Both interpretations are accurate but one will make you happier than the other. Why pick the negative one? We have a choice.

The reality is that being appreciative is a practice we can always employ, and happiness is the feeling that results from the practice.

The alternative would be to practice ignoring all the things we could be appreciative for, focus only on things that make us unhappy, and get stuck in a loop wondering why nothing good comes our way.

Of course nothing good comes our way if we don't practice appreciation. We'll miss out on everything good that happens to us.

Everything good is already around us if we just practice appreciation. We don't even have to wait for good things to happen. We can begin experiencing happiness right now.

Cut the Table Legs Instead

In the US, the standard dining table height is 29.5" off the ground. For most people that are under the average height in the US (5'6" in my case), this is way too high to serve as an ergonomic position to use a computer.

It's fine for eating, for the most part, since we don't eat at length. But when using a computer, the desk needs to be a little bit lower.

My wife and I talked about getting a new dining table that would cost us several hundred dollars.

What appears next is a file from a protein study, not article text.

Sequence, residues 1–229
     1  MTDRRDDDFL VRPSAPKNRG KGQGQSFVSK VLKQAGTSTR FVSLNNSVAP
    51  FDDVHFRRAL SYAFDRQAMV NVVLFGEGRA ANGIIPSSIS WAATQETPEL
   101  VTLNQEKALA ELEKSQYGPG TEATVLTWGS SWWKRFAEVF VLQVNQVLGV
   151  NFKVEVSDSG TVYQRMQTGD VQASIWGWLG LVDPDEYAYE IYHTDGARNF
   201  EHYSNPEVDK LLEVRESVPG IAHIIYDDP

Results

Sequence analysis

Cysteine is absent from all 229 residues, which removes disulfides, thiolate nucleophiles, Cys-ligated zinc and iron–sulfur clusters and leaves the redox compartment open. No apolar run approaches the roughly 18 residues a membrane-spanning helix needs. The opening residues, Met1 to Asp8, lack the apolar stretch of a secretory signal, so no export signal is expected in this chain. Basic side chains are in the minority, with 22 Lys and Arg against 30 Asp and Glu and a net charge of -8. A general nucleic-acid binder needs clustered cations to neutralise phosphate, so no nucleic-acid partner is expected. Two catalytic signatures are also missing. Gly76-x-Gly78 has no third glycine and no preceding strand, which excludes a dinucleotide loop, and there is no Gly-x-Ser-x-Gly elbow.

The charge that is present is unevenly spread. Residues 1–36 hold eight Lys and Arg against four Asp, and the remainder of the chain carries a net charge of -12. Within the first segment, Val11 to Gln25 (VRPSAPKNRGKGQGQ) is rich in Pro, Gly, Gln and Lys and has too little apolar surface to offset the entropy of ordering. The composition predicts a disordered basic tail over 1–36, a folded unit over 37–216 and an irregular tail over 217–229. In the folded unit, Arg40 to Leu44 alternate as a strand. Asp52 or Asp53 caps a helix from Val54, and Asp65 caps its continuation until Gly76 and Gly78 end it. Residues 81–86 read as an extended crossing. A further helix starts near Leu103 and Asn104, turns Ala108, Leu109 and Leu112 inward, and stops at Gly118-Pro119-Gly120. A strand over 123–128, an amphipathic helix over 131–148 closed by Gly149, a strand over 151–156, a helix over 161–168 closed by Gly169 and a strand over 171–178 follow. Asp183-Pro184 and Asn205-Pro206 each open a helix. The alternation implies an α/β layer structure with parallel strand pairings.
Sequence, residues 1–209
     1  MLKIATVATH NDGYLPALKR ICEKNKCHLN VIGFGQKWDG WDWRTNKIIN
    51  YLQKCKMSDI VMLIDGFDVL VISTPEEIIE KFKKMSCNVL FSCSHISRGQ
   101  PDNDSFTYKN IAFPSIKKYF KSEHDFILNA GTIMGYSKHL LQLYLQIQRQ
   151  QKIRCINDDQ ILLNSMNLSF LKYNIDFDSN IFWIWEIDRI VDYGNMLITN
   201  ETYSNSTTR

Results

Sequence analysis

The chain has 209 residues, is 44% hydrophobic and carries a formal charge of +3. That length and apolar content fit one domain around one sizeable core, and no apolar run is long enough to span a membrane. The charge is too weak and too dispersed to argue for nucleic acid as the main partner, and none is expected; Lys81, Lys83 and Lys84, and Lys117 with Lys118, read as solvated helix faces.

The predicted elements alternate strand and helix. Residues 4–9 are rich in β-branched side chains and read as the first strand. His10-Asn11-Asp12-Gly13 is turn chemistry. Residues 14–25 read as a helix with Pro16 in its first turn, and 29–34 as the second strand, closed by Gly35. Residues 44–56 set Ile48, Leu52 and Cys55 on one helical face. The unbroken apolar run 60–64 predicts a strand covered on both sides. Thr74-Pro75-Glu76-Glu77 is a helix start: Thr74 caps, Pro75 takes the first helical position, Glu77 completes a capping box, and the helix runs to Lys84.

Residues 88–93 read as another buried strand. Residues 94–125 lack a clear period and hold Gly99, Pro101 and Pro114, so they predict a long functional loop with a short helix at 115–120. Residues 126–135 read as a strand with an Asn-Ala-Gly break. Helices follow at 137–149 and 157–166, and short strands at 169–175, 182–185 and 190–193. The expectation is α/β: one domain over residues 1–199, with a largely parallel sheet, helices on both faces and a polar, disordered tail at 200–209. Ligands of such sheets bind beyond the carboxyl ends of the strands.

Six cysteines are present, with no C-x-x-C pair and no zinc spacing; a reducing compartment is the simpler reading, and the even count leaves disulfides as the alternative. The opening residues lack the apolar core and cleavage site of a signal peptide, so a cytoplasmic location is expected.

But then we'd have to figure out what to do with the old table. Then, I just figured, if I had a table saw, I could easily cut the legs by a bit, chamfer the edges, sand it down, apply some finish, and call it a day.

The table saw would cost me several hundred dollars. But it's a lot more useful than a dining table when we already have one. Sometimes the most optimal path is to simply take something that exists and iterate on it.

It's always worth considering the question: What can I do with what I have?

A Lesson in Traveling While Traveling

While I live in sunny southern California, most of my relatives live in varying parts of Japan. This leads me to station myself at a specific relative for several weeks, and within that time frame, travel to other parts of Japan to see other relatives.